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A Taxing Situation
by Eric Miller

Carl Campbell received a notice from the Tax Department stating that a review of his return indicated that he owed them an additional $350. Something didn't sound right to Carl, so he asked a friend to recommend an accountant.

"Got just the guy for you," his friend said. "My friend Bob just opened an office. He's a tax attorney and an accountant."

"He might think I'm small potatoes," Carl replied with concern.

"No, he's a regular guy, and he needs the business," his friend assured.

"May I call you Bob?, Carl asked, upon entering Bob's office, which was a small, dark, dingy hole in a wall."

"No, my name is Robert, pronounced in the French manner."

"Okay, Row-bare it is. Listen, I think the Tax Department is mistaken. I honestly believe that I do not owe them more money."

"Whether you do, or whether you don't, we'll fight them hard and win."

"Bob, I mean Row-bare, I'm not looking for a war here. It sounds like I'll end up owing you more for your services than I owe them."

"Nonsense, we're talking about fairness, justice and, most importantly, victory. It would be sinful to pay the government money to which it was not entitled."

"Row-bare, do I owe them the money or not?"

"We'll find out, soon enough."

"Well, don't you know, now?," Carl asked, perplexed.

"One can never be sure, "Robert stated, in a lawyerly sort of way."

"Maybe I should just pay it. How much do I owe you?"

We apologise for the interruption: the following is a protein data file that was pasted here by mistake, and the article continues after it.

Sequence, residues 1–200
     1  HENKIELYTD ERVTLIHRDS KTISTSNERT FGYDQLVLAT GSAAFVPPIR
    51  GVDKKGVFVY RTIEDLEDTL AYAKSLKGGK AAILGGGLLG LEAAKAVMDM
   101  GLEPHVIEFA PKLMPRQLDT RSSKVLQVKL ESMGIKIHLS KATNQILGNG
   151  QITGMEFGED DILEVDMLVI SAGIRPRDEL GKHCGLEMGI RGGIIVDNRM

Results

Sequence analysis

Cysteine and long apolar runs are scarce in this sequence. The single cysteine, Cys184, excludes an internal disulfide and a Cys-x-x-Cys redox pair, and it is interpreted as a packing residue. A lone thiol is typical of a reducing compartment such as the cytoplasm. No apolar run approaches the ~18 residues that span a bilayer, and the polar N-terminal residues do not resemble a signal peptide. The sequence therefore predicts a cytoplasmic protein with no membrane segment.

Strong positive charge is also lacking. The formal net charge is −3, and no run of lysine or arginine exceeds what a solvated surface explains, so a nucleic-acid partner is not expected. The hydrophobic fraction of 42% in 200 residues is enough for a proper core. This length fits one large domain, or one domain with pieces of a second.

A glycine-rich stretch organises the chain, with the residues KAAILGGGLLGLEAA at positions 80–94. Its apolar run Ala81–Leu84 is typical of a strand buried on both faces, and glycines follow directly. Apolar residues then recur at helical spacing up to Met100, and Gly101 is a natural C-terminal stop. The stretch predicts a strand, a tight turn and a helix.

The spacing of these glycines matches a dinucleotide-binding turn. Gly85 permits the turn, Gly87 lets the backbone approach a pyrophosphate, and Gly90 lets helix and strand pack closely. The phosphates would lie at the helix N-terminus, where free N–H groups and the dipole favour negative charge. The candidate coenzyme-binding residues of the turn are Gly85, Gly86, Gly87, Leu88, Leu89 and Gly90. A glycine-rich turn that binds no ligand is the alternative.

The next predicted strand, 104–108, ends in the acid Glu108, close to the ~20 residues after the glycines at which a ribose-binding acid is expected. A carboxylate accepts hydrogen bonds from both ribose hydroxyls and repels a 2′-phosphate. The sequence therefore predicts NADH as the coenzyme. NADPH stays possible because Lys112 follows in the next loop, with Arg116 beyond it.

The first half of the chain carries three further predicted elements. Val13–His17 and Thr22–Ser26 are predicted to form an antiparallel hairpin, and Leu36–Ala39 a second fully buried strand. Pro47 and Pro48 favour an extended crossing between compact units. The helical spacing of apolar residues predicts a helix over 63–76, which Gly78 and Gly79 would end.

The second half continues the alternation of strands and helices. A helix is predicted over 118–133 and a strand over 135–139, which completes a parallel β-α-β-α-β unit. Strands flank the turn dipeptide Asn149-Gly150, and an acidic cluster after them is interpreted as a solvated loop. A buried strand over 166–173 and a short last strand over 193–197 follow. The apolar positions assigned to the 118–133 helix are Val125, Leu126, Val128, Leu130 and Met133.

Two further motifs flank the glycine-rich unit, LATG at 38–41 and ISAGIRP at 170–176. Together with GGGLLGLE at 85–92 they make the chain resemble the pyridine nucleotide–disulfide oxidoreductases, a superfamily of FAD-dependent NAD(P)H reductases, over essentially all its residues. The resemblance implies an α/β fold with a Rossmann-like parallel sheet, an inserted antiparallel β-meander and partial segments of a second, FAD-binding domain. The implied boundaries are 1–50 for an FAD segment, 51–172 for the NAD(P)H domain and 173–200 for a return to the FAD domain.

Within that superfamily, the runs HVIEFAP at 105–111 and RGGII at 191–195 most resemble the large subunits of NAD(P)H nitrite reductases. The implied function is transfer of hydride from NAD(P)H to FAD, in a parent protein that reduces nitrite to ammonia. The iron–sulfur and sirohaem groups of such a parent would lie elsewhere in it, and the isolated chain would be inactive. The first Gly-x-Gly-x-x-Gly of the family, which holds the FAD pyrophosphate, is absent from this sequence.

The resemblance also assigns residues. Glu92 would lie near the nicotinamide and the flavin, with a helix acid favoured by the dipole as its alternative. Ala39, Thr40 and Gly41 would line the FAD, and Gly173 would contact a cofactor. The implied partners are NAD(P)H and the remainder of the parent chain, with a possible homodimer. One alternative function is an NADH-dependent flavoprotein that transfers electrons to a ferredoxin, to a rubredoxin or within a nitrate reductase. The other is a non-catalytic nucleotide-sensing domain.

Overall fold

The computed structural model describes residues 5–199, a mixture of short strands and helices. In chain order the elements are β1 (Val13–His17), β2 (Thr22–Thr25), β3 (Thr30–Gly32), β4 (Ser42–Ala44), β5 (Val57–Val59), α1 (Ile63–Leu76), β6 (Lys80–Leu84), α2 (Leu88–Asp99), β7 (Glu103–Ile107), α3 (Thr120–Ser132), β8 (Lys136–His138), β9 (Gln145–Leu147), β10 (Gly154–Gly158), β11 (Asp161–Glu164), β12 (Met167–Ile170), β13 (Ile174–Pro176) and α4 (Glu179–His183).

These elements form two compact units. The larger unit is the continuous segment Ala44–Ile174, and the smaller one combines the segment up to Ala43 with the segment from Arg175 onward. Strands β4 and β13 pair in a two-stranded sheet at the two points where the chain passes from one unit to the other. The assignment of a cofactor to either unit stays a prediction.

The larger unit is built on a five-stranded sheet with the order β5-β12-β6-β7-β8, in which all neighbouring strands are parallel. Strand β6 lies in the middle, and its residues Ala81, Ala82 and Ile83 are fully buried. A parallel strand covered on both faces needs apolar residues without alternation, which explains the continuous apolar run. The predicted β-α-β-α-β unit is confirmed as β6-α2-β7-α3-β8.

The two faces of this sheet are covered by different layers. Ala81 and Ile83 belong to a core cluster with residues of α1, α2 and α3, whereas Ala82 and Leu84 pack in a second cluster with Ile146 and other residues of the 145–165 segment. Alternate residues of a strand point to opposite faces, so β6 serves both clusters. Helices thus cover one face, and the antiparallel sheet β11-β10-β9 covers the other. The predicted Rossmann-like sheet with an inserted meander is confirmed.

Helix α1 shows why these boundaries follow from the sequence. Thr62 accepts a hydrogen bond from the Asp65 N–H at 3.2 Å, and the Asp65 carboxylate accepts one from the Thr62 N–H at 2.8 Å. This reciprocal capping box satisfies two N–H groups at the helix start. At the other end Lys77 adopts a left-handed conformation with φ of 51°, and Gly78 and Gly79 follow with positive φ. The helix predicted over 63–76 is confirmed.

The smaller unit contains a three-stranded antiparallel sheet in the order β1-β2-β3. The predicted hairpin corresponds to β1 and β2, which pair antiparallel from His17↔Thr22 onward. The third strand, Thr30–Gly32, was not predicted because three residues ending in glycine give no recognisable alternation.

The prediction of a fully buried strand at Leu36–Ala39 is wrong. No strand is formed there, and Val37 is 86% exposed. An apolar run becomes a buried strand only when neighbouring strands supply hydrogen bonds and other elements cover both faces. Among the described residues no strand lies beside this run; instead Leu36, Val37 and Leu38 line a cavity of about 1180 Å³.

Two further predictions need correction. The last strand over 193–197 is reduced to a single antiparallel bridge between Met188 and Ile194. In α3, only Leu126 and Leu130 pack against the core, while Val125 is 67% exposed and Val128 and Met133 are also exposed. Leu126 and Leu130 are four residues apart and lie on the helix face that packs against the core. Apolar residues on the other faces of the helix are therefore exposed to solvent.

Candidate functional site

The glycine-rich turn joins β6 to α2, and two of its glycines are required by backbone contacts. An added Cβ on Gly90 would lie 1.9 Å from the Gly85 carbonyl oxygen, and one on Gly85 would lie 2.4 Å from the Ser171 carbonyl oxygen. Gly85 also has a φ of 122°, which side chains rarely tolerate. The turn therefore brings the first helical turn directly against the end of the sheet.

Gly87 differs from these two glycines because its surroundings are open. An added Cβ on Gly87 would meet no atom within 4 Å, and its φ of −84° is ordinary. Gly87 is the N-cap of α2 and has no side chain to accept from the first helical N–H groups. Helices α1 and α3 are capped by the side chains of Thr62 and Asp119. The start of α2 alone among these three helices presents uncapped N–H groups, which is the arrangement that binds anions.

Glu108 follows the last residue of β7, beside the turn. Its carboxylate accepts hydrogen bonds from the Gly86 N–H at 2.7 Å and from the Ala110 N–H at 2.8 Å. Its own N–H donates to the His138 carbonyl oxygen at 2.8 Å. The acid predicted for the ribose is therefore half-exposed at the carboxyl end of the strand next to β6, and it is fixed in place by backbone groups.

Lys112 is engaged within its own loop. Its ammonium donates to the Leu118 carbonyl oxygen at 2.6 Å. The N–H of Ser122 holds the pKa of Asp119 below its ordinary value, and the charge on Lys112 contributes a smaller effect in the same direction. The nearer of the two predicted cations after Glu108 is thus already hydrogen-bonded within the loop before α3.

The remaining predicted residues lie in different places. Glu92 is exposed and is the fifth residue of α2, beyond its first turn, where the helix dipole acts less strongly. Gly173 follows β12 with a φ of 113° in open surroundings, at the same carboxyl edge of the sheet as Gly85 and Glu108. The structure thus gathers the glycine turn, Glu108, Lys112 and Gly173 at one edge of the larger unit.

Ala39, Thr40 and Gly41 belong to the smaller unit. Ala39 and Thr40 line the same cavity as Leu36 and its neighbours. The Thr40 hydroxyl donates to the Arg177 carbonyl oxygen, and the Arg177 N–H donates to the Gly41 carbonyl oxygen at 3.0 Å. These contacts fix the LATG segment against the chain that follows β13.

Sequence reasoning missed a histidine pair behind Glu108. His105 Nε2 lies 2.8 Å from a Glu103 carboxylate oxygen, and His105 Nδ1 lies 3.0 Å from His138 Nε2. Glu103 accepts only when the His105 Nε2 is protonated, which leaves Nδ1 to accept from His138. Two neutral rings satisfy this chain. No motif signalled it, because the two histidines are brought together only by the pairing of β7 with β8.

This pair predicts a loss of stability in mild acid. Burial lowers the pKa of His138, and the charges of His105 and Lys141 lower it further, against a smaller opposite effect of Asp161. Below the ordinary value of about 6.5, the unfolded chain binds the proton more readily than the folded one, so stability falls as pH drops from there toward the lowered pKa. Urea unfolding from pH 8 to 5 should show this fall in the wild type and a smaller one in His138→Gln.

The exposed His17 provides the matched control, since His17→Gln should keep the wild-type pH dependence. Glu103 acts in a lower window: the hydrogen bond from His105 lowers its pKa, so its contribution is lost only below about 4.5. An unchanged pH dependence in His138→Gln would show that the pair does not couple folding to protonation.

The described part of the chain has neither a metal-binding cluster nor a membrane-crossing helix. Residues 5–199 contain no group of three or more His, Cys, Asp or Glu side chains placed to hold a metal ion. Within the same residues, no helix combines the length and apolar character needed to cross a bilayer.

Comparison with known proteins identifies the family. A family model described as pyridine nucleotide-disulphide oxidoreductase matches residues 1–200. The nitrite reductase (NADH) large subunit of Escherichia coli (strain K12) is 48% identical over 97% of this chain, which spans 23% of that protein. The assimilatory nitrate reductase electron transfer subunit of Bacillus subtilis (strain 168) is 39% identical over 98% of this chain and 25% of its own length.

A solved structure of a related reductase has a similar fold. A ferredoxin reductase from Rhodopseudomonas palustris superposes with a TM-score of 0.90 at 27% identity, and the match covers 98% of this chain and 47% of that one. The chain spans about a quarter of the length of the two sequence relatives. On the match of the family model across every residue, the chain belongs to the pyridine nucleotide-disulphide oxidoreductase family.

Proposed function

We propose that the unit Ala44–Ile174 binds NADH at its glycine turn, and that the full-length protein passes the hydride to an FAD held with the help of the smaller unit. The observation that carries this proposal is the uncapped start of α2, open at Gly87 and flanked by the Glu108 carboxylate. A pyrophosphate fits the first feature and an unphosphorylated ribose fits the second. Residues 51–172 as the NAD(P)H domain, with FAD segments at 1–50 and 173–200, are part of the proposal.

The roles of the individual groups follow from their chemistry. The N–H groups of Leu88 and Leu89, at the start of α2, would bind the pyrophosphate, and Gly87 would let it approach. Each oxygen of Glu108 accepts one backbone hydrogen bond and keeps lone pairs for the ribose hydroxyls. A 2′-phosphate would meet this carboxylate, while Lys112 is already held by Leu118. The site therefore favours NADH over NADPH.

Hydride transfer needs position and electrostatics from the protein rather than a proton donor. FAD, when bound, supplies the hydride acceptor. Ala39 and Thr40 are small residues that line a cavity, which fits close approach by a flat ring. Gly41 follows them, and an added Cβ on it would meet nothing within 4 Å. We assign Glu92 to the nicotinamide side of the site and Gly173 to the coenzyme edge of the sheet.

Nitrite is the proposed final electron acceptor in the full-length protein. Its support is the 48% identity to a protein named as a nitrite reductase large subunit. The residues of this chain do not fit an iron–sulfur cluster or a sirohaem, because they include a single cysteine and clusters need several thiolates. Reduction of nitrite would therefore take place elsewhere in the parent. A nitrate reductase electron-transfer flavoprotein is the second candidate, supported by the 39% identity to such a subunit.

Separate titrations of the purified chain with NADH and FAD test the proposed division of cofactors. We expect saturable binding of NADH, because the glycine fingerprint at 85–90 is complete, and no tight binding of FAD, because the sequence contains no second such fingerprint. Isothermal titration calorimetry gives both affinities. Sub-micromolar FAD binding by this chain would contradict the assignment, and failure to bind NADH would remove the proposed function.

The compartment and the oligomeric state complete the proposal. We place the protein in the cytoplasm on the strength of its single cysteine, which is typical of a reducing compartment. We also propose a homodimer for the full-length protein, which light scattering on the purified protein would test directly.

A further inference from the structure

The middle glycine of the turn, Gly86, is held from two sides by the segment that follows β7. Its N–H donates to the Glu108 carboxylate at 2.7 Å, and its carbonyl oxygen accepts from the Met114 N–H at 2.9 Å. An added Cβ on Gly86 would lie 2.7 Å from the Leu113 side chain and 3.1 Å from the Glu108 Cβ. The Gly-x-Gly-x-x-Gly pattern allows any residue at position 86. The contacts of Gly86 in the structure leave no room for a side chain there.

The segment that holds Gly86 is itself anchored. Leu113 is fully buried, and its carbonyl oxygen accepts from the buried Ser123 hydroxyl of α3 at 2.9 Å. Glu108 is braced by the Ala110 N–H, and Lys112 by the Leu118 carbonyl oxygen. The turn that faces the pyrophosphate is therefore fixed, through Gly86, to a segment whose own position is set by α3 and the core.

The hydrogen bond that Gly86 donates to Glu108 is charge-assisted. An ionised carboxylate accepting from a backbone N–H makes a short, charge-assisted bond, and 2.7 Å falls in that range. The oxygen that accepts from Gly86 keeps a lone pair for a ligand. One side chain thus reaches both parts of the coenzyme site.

"Relax, my good friend. Let me handle this," Robert stated with amazing confidence.

After several months, Robert, giddy with excitement, called Carl to tell him that the they had won, and that the Tax Department had apologized for its mistake.

Carl was not surprised to receive Robert's bill, although he found it ironic that he had to pay Robert $500 to save $350. But then he remembered Robert passionately stating those words he had told him before: "Nonsense, we're talking about fairness, justice, and most importantly, victory. It would be sinful to pay the government money to which it was not entitled."

Several years later, and no longer living near Robert's office, Carl received a letter from the Tax Department, for which he called Robert for advice.

"Hi Bob, I mean Row-bare, the Tax Department wants me, or my representative, to meet  with them for an audit in their offices up here. Can you handle this from down there?"

"Absolutely, mon ami, just write to them and request that they transfer your records from their office up there to their office down here, where I can represent and handle everything for you."

"Will that be a problem?"

"No, it's very common," Robert said.

"Anything to worry about?"

"Probably not. Usually in the transfer of records to another office, everything gets lost, and we never hear about it again."

He was right and, not surprisingly, his bill for the transfer advice was higher than the amount in question for the audit.

"Vive la France," Carl thought.